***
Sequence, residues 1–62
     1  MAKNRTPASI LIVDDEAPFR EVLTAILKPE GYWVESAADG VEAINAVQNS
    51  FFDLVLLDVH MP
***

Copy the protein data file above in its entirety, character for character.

Sequence, residues 1–62
     1  MAKNRTPASI LIVDDEAPFR EVLTAILKPE GYWVESAADG VEAINAVQNS
    51  FFDLVLLDVH MP